According to a news report on medtechdive.com, the U.S. Food and Drug Administration has classified G.E. Healthcare’s ventilator battery recall as a Class I event. A Class I recall was initiated because the ventilator batteries can cause a “premature shutdown of the device.” If a ventilator shuts down, the patient could suffer severe injury or death. The recall involves certain G.E.’s Carescape R860 ICU ventilator backup and replacement batteries. The affected batteries might not provide enough power to the ventilators when the ventilators are not connected to an A.C. power supply.
G.E. Healthcare advises clinical sites with the recalled ventilators batteries to keep their ventilators connected to their main A.C. power supply when possible. When it is “absolutely necessary” to change to battery power, clinicians should keep alternative ventilation equipment ready. The report states that there haven’t been any patient injuries or deaths reported. G.E. Healthcare reported in an emailed statement that no devices or device parts need to be retrieved during the recall.
A G.E. Healthcare letter in May describes the recalled batteries that were distributed on or after April 1, 2019. The recall announcement states that the affected batteries can fail before their estimated life, and the battery run time alarm could be inaccurate. The issue can stop the supply of oxygen to the patient causing life-threatening outcomes.
The G.E.’s Carescape R860 ICU ventilator battery recall includes more than 29,000 Carescape R860 backup batteries and over 88,000 replacement backup batteries for the Engström Carestation, Carescape R860, and Engström PRO ventilators.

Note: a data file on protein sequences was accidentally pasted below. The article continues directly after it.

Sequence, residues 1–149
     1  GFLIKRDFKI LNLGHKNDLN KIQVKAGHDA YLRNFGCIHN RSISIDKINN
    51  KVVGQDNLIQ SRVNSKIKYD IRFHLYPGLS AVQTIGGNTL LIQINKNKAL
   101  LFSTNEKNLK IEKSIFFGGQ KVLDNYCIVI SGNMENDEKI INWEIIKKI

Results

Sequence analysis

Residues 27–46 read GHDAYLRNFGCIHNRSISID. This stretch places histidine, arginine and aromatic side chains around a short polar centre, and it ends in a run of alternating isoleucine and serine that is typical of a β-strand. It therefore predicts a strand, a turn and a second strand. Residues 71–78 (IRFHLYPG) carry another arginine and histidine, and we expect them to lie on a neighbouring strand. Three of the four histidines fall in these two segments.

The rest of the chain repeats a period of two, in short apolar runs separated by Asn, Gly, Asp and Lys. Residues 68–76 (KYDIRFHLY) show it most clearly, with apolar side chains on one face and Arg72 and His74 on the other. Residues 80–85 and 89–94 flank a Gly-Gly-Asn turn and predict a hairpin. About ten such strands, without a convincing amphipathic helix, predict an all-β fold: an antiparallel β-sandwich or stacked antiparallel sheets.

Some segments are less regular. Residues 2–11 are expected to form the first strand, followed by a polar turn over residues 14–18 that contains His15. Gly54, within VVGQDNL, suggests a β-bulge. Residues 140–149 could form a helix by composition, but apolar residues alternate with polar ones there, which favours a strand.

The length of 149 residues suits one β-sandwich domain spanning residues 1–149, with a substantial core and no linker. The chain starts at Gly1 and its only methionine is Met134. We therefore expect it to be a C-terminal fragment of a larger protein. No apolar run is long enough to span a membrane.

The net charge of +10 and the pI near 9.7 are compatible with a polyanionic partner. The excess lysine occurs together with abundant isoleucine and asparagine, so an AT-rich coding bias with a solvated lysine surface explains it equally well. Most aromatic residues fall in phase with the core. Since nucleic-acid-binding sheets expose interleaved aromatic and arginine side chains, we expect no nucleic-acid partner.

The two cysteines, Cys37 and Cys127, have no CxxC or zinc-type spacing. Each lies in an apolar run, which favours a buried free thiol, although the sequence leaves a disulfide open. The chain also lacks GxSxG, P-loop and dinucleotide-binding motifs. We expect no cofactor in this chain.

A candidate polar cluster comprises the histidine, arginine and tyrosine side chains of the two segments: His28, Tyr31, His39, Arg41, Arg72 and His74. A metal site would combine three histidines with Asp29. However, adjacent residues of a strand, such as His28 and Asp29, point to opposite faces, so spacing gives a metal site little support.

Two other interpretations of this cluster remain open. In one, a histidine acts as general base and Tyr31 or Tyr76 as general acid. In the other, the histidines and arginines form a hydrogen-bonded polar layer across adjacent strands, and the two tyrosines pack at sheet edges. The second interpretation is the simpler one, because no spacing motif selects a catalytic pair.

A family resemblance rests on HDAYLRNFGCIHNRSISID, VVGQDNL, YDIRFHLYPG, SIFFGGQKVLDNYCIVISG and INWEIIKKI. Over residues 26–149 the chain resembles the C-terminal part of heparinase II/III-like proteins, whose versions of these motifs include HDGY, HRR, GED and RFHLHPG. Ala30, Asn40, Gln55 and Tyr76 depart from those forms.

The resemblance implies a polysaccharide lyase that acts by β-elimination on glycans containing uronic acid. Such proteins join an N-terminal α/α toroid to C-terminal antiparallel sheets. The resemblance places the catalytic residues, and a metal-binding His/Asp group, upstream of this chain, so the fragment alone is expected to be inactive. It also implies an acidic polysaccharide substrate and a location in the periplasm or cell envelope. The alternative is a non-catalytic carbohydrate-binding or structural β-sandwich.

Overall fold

G.E. is asking medical sites that have batteries affected by the recall to conduct a performance test. This test involves:
- Fully charging the batteries for at least eight hours.
- Disconnecting the power cord.
- Powering the ventilator for 60 minutes or longer.
Batteries that fail prior to 60 minutes must be replaced. G.E. is asking medical sites to record shut down time on a form provided by G.E. G.E. is also asking medical sites to run the battery performance test quarterly and to run the test prior to use. The backup batteries should be replaced every three years.
CONTACT PARKER WAICHMAN LLP FOR A FREE CASE REVIEW
Were you or a loved one harmed by a defective product? Parker Waichman LLP helps families recover monetary compensation for harm caused by dangerous product. For your free consultation, contact our law firm today by using our live chat or calling 1-800-YOUR-LAWYER (1-800-968-7529).
New York | Brooklyn | Queens | Long Island | New Jersey | Florida
Call us at: 1-800-YOURLAWYER (800-968-7529) | Schedule your free consultation